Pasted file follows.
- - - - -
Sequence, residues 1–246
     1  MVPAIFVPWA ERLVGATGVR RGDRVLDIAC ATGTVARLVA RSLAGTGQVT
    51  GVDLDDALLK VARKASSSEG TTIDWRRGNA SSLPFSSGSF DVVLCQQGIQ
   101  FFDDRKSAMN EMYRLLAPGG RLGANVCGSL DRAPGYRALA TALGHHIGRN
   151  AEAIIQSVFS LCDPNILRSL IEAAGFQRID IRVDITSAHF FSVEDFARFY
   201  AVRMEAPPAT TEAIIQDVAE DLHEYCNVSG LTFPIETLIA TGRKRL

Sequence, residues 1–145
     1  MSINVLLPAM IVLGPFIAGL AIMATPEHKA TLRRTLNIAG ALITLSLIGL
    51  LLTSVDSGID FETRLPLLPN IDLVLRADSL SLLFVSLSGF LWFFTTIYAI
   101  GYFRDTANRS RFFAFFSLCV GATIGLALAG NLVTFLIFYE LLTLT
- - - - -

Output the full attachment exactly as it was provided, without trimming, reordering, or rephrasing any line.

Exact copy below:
Sequence, residues 1–246
     1  MVPAIFVPWA ERLVGATGVR RGDRVLDIAC ATGTVARLVA RSLAGTGQVT
    51  GVDLDDALLK VARKASSSEG TTIDWRRGNA SSLPFSSGSF DVVLCQQGIQ
   101  FFDDRKSAMN EMYRLLAPGG RLGANVCGSL DRAPGYRALA TALGHHIGRN
   151  AEAIIQSVFS LCDPNILRSL IEAAGFQRID IRVDITSAHF FSVEDFARFY
   201  AVRMEAPPAT TEAIIQDVAE DLHEYCNVSG LTFPIETLIA TGRKRL

Sequence, residues 1–145
     1  MSINVLLPAM IVLGPFIAGL AIMATPEHKA TLRRTLNIAG ALITLSLIGL
    51  LLTSVDSGID FETRLPLLPN IDLVLRADSL SLLFVSLSGF LWFFTTIYAI
   101  GYFRDTANRS RFFAFFSLCV GATIGLALAG NLVTFLIFYE LLTLT